August 15th, 2007



August 31st, 2007



None, really.



1 wooden plate,
1 clear plastic ball,
2 Batman&Robin movie guns,
Spawn Steel Trap torso,
Samurai Skeletor gun,
Marvel Legends Weapon
base and parts, plastic tubes,
One light-up magnetic earring,
Drinking straws, 1 chopstick,
2 lego plates



Apoxy Sculpt, Citadel Paints,
Revell acrylic paint, Pattex Blitz
Plastik glue, Pattex Blitz glue,
hot glue, Magic Plastic, wire,
a plastic cup bottom, liquid latex,
1 cocktail prick, 1 CD

Points of



(Images stolen taken from Obscure Transformers Website which rocks almightily)

Character & Intent

Oh my, where to begin. Straxus. Straaaaaxus. Well, it's complicated,
yet simple. There are five words that should sum up the main appeal:
Transformer head in a bowl.

You see, when I was just a wee lad of little years and great enthusiasm,
I bought a few of the oversized Transformer "magazines" that were available
in my country of birth and living, Germany. These magazines were nothing more
but translations of the UK Transformers comics, collected to 2 issues per magazine
with some generic editorial stuff tacked on. I recall peeking into an issue in the store
while accompanying my parents' grocery shopping. What I saw while trotting past
frozen chicken and pizza confused and intrigued me:
Transformer head in a bowl.

I wasn't too firm on continuity at that time, so there were a lot of questions raised
and never answered. Why was this strange bot whom I'd never seen apparently in
charge of the Decepticons ? Why was he no more than a head ? And why, for heaven's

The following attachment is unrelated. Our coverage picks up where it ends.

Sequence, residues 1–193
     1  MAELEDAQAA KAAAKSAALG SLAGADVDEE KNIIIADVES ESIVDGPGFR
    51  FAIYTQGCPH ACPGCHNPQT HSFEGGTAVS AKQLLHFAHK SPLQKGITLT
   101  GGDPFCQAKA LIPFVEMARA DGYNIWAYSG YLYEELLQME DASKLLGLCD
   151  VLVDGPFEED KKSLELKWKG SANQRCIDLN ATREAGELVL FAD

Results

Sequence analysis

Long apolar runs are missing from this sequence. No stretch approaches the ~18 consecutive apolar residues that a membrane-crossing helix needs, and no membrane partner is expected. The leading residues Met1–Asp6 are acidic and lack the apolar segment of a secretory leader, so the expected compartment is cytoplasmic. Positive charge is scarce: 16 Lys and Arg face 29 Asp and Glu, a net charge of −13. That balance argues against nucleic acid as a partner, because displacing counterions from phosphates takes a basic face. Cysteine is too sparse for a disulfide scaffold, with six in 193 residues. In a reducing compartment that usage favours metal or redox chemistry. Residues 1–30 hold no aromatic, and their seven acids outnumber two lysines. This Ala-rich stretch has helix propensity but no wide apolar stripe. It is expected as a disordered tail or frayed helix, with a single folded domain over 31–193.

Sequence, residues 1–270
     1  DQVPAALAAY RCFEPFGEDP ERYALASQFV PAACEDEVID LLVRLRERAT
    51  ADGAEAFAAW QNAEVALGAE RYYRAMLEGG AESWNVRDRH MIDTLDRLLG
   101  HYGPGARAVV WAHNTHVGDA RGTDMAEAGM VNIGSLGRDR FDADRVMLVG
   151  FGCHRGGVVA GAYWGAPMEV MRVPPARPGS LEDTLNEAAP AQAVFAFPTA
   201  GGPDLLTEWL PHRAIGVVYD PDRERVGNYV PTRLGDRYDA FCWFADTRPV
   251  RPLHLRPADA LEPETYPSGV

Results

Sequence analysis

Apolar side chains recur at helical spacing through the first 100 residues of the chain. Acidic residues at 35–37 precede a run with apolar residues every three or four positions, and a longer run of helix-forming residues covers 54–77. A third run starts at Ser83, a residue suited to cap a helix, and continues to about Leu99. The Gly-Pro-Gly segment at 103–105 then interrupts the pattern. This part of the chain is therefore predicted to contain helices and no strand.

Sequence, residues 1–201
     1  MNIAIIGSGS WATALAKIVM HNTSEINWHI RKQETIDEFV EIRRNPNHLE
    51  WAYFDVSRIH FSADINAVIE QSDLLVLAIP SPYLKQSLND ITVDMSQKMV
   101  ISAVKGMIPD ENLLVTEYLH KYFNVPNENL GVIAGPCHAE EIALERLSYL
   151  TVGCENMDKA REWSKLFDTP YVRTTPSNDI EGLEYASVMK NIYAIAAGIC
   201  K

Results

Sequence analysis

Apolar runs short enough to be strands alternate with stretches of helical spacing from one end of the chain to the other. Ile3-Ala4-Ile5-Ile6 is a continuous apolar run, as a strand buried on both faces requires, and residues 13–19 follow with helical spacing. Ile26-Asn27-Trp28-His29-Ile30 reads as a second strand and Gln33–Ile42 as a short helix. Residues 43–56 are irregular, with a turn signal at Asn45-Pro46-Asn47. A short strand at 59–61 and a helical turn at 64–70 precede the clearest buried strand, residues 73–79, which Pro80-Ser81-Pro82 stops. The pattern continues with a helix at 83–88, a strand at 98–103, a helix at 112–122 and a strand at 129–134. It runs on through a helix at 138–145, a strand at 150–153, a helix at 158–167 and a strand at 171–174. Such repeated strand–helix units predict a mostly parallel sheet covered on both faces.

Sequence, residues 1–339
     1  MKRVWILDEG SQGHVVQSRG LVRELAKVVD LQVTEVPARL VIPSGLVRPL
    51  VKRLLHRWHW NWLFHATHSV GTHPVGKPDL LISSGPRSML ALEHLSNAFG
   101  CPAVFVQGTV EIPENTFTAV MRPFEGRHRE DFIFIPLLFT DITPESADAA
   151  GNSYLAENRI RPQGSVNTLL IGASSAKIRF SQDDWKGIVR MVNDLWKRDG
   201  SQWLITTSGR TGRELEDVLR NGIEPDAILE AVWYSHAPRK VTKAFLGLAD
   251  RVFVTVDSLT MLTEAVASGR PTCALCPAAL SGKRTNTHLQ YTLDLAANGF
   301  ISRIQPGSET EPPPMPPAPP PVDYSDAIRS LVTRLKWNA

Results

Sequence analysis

sake, does a robot need conserving fluid ?
All of this got buried in my subconscious for many years. Until that one fateful day when
I stumbled upon the wonderful Obscure Transformers Website. I just had to read all
the profiles, and very soon, I stumbled across the name "Straxus". And what did see ?
What came flooding back from my memory as if a dam had been burst by fusion blasts ?
Transformer head in a bowl.

Needless to say, was both fascinated and delighted. If you want to know more about this
actually quite interesting on-and-off head of the Decepticons, I suggest you go to the afore-
mentioned, very rocking website. It can tell you more than I could, and it does it so much
better. But for this, my page, it all comes down to
Transformer head in a bowl.


As you probably saw right away, I didn't concern myself with sticking to the
comic design in a direct way. It was practically drawn differently in every
appearance, and all I really wanted was to keep the visual "feel" true to
the source.

What kept me putting this one off for quite a while was my inability of finding
the most critical component - an appropriately-size plastic ball. After a couple